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NOTE: use Perl; is on undef hiatus. You can read content, but you can't post it. More info will be forthcoming forthcomingly.

All the Perl that's Practical to Extract and Report

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  • #!/usr/bin/perl

    use strict;
    use warnings;

    my @a = (
                    1,
                    @{[map {()} warn "in here\n"]},
                    2,
                    3
    );

    print map { "$_\n" } @a;

    • or the slightly less stupid (I don't know why I threw it in an arrayref to start with):

      #!/usr/bin/perl

      use strict;
      use warnings;

      my @a = (
                      1,
                      (map {()} warn "in here\n"),
                      2,
                      3
      );

      print map { "$_\n" } @a;

      • An even shorter way to write that is this:

        (map {;} warn "in here\n")

        However, I prefer to take a page from Javascript, by defining the following amusing function:

        sub void {}

        I can then write the code in this much nicer way:

        (void warn "in here\n")

        This is far nicer than Ovid’s approach as well, IMO.

  • return() with no arguments (which is what you're doing) does the "right thing" in both scalar and list contexts. It returns either an empty list or undefined value.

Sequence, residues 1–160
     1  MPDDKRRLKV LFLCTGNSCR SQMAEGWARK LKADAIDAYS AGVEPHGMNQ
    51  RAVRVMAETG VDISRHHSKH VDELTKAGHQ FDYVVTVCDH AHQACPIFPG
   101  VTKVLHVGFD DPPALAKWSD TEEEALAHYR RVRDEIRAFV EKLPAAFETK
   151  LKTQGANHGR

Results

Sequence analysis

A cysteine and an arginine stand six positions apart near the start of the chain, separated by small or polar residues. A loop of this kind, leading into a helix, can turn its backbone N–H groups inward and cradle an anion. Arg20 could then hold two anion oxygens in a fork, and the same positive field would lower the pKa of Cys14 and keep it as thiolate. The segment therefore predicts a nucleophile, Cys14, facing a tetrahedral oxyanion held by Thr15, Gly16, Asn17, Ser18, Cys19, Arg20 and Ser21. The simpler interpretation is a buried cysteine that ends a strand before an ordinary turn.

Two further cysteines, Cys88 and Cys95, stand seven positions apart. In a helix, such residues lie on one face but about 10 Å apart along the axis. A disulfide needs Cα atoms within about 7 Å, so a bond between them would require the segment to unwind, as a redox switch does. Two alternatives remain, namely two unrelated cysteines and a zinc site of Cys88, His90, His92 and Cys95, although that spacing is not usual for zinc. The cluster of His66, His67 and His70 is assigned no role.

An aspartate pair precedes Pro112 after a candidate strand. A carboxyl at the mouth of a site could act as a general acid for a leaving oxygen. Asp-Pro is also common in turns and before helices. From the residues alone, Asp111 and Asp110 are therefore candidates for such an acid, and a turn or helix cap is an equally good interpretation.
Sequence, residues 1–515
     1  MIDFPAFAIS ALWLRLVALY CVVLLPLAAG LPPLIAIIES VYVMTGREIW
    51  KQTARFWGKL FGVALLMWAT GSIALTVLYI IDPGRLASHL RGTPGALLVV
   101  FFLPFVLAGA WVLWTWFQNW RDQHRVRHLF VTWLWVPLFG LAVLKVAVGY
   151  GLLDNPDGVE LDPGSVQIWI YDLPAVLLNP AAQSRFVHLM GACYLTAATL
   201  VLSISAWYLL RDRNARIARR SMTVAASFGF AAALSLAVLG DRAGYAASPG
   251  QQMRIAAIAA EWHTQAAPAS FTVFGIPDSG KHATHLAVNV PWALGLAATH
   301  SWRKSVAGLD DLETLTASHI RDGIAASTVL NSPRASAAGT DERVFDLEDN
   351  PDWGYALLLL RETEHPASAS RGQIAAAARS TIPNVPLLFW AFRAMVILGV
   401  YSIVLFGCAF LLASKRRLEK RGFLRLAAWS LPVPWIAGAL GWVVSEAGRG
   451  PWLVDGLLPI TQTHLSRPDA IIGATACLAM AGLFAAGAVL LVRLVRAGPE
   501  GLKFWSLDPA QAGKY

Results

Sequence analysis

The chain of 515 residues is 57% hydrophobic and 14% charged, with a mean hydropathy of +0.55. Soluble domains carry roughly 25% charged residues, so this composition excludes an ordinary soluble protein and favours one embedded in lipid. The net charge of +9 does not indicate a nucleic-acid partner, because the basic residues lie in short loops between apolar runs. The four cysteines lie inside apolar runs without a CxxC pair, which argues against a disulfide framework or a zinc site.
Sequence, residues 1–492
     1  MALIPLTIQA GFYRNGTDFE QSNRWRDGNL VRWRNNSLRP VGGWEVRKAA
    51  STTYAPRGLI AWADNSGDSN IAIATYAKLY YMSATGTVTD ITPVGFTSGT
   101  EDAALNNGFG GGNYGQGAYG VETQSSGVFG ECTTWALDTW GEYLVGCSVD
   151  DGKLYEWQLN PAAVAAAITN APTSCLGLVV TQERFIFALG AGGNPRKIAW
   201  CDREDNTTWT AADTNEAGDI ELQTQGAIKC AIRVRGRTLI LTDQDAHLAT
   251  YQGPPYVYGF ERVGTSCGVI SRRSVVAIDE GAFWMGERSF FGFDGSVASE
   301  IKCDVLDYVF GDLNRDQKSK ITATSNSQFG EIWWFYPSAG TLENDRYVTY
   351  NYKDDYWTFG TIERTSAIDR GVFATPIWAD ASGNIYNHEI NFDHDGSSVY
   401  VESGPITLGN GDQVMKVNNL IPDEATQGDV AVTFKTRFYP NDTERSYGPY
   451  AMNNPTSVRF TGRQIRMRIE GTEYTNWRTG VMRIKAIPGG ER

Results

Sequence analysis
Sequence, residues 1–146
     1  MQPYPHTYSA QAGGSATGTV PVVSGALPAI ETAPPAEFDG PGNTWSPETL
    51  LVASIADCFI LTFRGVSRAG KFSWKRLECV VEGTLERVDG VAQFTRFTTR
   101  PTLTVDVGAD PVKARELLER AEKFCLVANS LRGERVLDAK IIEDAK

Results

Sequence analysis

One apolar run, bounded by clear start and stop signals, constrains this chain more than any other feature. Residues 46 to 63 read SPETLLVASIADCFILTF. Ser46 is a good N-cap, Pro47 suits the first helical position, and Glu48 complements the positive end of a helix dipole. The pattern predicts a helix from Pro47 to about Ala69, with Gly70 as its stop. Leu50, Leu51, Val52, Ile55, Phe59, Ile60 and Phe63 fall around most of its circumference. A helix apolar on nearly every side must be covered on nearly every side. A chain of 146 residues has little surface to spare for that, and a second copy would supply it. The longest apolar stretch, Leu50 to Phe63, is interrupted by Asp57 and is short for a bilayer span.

Thus you could also have written:

    return;

    for the same effect. I'm sure you know this already, but from your commentary and style it did look like you were trying to explicitly return an empty list.

    • Yes, I normally just use a bare return (and get annoyed when people use 'return 0' for false), but I honestly didn't think about that here because I originally had this:

      my $warn = sub { warn Dumper($self->build_context); () };

      That showed the annoying __LINE__ problem and I decided to be explicit about the return when I added the $line variable. Normally about the only time -- aside from this example -- I return an explicit empty list is when I do this:

      return $condition ? $some_value : ();

    • Oh, and what I didn't say, but should have, in my first reply was "thanks". The bare return is (IMHO) a cleaner solution.

    • For less trickery with subs and call stacks and line numbers, remember your old friend 'do'!

      $ perl -le'print join " ", (1, do { warn 2; () }, 3)'
      2 at -e line 1.
      1 3